Habitual and reflexive actions form a large part of social interaction, but not usually in a conscious manner. It would take too much time and energy to reflect on each action, and if the high expectations for considering courses of action oriented toward some goal are to be maintained, it might not be possible for humans to carry out actions on a regular basis. Dewey argued there are cycles of habit, reflection, rational consciousness, behavioural change, and new habits. Much of human action and interaction may be habitual and reflexive, with only occasional reflection and consideration e.
These periods of reflection and consideration may lead to continuation of similar habits or they may lead to change in habits. The world around may change, or habitual actions may become too routine and unconscious. In either case, the individual is prompted to devote some conscious thought to habitual behaviour, using practical reason and imagination to improve individual forms of response and social action. Given the diverse ways in which impulses are dealt with by humans, Cohen argues that impulses cannot drive human action and conduct.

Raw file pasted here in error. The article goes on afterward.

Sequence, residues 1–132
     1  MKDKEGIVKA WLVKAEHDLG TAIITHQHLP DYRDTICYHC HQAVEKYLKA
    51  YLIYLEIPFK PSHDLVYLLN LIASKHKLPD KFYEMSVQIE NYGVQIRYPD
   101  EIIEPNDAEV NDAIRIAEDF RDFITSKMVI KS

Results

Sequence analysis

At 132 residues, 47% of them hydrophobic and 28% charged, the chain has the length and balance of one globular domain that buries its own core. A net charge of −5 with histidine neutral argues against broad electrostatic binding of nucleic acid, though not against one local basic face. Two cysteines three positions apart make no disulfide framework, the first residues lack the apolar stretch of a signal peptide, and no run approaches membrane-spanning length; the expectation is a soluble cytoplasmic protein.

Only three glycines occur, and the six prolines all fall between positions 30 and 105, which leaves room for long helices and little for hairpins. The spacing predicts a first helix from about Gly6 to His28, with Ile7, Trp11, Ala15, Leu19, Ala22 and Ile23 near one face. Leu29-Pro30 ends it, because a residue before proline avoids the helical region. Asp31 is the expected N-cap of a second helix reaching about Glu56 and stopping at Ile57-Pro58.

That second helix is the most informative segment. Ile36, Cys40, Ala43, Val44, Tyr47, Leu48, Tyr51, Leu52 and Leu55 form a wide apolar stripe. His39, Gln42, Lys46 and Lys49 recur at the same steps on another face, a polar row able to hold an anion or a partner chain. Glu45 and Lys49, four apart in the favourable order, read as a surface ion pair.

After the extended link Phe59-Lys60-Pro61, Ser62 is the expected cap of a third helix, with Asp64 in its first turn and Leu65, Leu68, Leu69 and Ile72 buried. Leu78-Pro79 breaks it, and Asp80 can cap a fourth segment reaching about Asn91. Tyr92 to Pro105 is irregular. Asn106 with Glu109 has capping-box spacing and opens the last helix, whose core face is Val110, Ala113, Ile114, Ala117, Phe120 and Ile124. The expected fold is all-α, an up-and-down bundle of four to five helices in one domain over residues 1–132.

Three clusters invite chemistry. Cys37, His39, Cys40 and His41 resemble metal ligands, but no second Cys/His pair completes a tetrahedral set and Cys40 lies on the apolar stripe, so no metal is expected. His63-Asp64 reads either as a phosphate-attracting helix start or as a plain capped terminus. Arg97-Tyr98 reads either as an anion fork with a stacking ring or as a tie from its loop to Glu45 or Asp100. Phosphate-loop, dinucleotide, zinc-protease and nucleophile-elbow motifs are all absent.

In the second edition of the text, Cohen focusses on the problems of habit for Dewey, arguing that it is a normative problem, not an analytic one p. Dewey is concerned that the repetition, monotony, and routine of modern society may dull human consciousness and creativity. Dewey adopts and uses a praxis perspective — that is, he moves from enacted conduct to a theory of social action.
Habit is observed to exist in many social actions, and has relevance for a study of human interaction. In the praxis approach, action may be logically prior to subjective consciousness in that people develop certain habits, and only periodically examine and alter these. The line of explanation runs the opposite direction from that of Weber and Parsons, with habit stimulating consciousness, rather than the other direction.
Polis and Praxis
Perhaps humans are creatures of habit. Dewey presents a reasonable explanation for habits, and changes or continuation of habits, as being a legitimate subject for sociological study. George Herbert Mead.